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I remember so well getting my first drum set.  It was so exciting and the best £150.00 I had ever spent.  That red sparkle finish and all those flimsy little chrome fittings just waiting to come loose, buzz throughout a gig and collapse the set into an unrecognisable mush of wood and metal at the sight of the meagrest of drum fills.  It didn’t damp my enthusiasm though, not for a few months at least.  I then slowly began to acquire the basics of what to look out for, borne mainly from experience of what could go wrong.

I thought it would be OK because I got it from one of the drum teachers in the local store whom I trusted. However,  suspect things soon started to become evident.   The things of note with that set form a nice little checklist of gremlins to look out for.

Although I didn’t realise it at the time, the kit was actually very flimsy, from the stands right through to the bass pedal, which regularly came loose and hi hats, which regularly turned inside out.  The stands were skinny single braced affairs, which were top and easily knocked over.   The drums were single headed and the skins were thin and ‘pingey’.  These were soon forced into retirement on health grounds, as was the kit.

Beginners drum sets have changed a lot since those days and it is a lot easier for someone to enter into the world of drumming on a small budget and start out with something more than reliable and sturdy.   

There are a number of ways that shops sell kits.  A shell pack is just the drums with no cymbals or stands.  Most commonly you can get a basic kit which includes all the stands and finally, an all in deal which includes cymbals as well.  The inclusion of cymbals is made easier and more affordable by the new range of budget cymbals offered by top-flight companies such as Zildjian.  They do various basic box sets of cymbals at a price, which does not send the cost of the whole kit into orbit.  A good set of cymbals is vital to a good sounding drum kit.  Sonic qualities are something you will develop an ear for but in the first instance, make sure they are not thin and flimsy and that there are no cracks anywhere, especially around the central hole and all round the edge. 

You then have to decide how many drums you want.  A four-drum set is bass drum, snare drum, small tom and floor tom, with a five drum set having a medium tom. (I.e., two toms mounted on the bass drum.)   I would recommend buying a five drum set but learning on a four-drum set.  I think it challenges your imagination more, makes corny rolls round the toms impossible and builds a better player.  Then move on to five drums after a couple of years. 

You can get double or single headed drums.  Try to go for double headed because you can always take off the bottom head for that ‘concert tom’ effect.  Don’t forget to tape up the unused bottom lugs to stop them rattling though.  Sizes are really a personal thing but on the whole, smaller sizes are for Jazz and lighter music (20” bass, 10”, 12” 14” toms) whilst larger sizes are common in heavier music.   

Skins are really important.  If they have clear pinstripes or Evans heads, great.  If they are thin ringey heads then, depending on what music you play; you might go through them quite quickly.  A good set of heads can make a budget kit sound amazing but they can be very expensive.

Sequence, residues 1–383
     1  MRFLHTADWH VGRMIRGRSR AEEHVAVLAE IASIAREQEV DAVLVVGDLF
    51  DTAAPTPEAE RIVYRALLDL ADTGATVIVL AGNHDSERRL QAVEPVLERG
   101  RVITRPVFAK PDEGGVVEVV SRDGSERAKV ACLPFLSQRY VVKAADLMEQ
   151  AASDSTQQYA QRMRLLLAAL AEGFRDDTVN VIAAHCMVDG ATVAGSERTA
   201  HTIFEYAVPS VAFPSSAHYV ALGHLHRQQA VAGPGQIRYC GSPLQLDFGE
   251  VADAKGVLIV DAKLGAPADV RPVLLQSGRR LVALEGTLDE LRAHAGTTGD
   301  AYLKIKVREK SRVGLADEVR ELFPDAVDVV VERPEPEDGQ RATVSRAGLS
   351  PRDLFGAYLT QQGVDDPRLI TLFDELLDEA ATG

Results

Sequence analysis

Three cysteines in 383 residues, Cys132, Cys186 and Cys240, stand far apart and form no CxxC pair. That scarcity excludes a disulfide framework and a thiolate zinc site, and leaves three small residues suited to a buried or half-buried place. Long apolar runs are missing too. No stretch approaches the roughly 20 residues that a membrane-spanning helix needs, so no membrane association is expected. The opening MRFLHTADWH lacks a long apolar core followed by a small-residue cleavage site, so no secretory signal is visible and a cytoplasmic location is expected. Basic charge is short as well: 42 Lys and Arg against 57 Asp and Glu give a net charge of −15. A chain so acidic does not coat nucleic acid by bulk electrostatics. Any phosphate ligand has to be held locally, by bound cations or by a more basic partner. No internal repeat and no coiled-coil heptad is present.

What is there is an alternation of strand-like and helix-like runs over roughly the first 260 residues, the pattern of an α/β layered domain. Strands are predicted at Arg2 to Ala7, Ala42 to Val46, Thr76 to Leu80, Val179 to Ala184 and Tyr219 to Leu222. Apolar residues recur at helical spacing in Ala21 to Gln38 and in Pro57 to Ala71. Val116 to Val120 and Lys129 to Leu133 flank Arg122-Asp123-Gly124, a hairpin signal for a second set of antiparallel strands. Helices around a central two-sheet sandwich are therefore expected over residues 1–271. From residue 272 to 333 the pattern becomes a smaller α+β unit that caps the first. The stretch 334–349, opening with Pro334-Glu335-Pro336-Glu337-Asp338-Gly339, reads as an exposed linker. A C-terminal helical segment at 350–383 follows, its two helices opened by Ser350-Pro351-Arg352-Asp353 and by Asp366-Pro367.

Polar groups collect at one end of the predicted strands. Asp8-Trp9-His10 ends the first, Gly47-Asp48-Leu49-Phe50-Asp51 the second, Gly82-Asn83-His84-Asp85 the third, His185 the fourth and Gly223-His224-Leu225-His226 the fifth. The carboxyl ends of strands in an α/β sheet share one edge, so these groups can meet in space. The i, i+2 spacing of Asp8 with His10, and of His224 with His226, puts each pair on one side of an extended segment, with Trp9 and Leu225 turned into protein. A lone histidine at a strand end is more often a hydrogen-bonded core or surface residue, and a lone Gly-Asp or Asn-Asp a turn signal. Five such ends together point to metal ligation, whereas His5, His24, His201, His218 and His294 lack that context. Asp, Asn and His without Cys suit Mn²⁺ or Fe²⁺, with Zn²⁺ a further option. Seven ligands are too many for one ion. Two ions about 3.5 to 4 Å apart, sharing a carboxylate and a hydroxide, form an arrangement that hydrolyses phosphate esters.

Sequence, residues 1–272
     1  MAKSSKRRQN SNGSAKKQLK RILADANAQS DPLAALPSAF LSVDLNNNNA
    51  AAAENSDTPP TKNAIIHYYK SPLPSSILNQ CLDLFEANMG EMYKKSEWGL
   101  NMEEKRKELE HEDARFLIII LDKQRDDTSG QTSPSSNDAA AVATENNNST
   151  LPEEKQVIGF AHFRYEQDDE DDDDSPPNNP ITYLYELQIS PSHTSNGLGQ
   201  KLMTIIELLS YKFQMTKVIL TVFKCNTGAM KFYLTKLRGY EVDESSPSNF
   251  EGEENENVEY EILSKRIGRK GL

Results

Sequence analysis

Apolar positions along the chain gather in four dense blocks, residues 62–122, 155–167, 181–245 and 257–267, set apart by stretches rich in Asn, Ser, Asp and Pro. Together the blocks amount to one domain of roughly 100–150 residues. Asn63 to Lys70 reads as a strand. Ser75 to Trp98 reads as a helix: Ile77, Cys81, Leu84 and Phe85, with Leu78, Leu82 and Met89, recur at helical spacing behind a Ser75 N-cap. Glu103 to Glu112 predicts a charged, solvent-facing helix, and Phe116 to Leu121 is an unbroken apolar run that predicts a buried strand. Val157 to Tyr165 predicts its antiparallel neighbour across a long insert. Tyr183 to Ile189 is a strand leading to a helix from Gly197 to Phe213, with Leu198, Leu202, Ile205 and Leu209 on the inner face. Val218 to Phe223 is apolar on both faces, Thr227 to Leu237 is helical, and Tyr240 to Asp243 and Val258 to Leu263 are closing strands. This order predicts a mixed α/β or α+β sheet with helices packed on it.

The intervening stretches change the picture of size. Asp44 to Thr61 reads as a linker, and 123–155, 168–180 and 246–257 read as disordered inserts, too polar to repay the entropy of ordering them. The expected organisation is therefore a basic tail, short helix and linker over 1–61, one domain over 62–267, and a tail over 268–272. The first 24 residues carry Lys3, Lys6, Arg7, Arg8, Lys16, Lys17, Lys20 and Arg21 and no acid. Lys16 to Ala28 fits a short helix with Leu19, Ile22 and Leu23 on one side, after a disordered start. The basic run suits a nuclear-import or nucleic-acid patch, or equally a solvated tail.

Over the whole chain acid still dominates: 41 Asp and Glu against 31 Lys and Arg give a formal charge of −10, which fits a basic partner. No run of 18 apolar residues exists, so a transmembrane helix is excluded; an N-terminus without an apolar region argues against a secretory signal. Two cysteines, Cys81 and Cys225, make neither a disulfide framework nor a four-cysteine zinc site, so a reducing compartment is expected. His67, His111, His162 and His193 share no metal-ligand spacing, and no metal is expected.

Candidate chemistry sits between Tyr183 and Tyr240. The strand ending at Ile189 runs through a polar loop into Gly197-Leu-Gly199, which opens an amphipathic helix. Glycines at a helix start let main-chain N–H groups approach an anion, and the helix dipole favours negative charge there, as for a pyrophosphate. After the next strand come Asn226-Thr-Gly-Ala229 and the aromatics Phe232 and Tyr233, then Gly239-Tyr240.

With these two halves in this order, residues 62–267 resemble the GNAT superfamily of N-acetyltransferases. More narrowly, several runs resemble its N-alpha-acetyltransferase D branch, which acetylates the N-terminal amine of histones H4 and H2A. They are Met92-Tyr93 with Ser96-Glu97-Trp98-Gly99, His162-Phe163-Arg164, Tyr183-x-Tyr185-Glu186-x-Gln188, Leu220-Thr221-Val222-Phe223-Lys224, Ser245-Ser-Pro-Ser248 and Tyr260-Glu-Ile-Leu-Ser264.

Fittings and stands are less of a problem than they were.  Check how sturdy they are.  Are the cymbal stands heavy, double braced and difficult to knock over.  (Double braced means that each leg of the tripod has two strips which are bent together to form one stronger leg.  This obviously makes it much more stable.)  Are the tom tom mounts and snare stand easily adjustable and can you really manoeuvre them to get the drums in different positions.  Flexibility here is very important when you get home and want to set the kit up exactly as you want it.  Check that the snare stand is also double braced and sturdy. Floor tom legs need to be strong and easily adjustable. Alternatively, if it is mounted on a stand check that that is sturdy and easily adjustable and that it goes low enough for you. 

Check that the snare drum has an easy mechanism to turn the snares off.  Again, a good skin is important here.  If you want to play Jazz then a coated skin such as an ambassador would be appropriate.  Alternatively, some of the pinstripes or Evans heads can be good for a rock ‘crack’. 

The hi hat pedal really needs to be double braced and sturdy. It needs an easy and fluid motion, as does the bass pedal.  Check that the bass pedal secures easily and firmly onto the bass drum rim and that the spring tension is easy to adjust.  A wooden beater can be a good choice for rock but get a small round adhesive pad from the drum store to protect the skin.  (Some people use a fifty pence piece taped to the head where the pedal strikes to get that extra aggressive definition of each strike.)

Finally, check that the bass drum has sturdy legs/feet, which will prevent it wandering away from you during a show.  This is amazingly annoying.  Having your own carpet is vital to help avoid this.  You can also mark on it where all the stands go to assist you setting up.  Do this with gaffa tape so you can change it later without having a matrix of confusing crossed out settings.  You can also put a wooden stop of some sort in front of the bass drum to stop it wandering.

You should now be ready to get famous and make millions!









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